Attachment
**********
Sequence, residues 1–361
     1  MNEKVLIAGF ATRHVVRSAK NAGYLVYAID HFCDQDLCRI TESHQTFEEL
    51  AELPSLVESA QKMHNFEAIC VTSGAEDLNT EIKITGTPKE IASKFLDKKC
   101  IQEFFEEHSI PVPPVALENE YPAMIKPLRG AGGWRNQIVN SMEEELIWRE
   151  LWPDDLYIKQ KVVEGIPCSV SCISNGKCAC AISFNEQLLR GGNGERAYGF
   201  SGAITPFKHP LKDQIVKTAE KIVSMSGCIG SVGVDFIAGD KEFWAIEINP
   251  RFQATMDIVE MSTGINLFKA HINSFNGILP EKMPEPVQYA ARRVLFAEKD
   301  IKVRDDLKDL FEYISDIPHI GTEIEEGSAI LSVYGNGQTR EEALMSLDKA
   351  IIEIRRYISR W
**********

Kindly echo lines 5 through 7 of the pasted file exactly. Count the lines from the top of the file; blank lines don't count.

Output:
   151  LWPDDLYIKQ KVVEGIPCSV SCISNGKCAC AISFNEQLLR GGNGERAYGF
   201  SGAITPFKHP LKDQIVKTAE KIVSMSGCIG SVGVDFIAGD KEFWAIEINP
   251  RFQATMDIVE MSTGINLFKA HINSFNGILP EKMPEPVQYA ARRVLFAEKD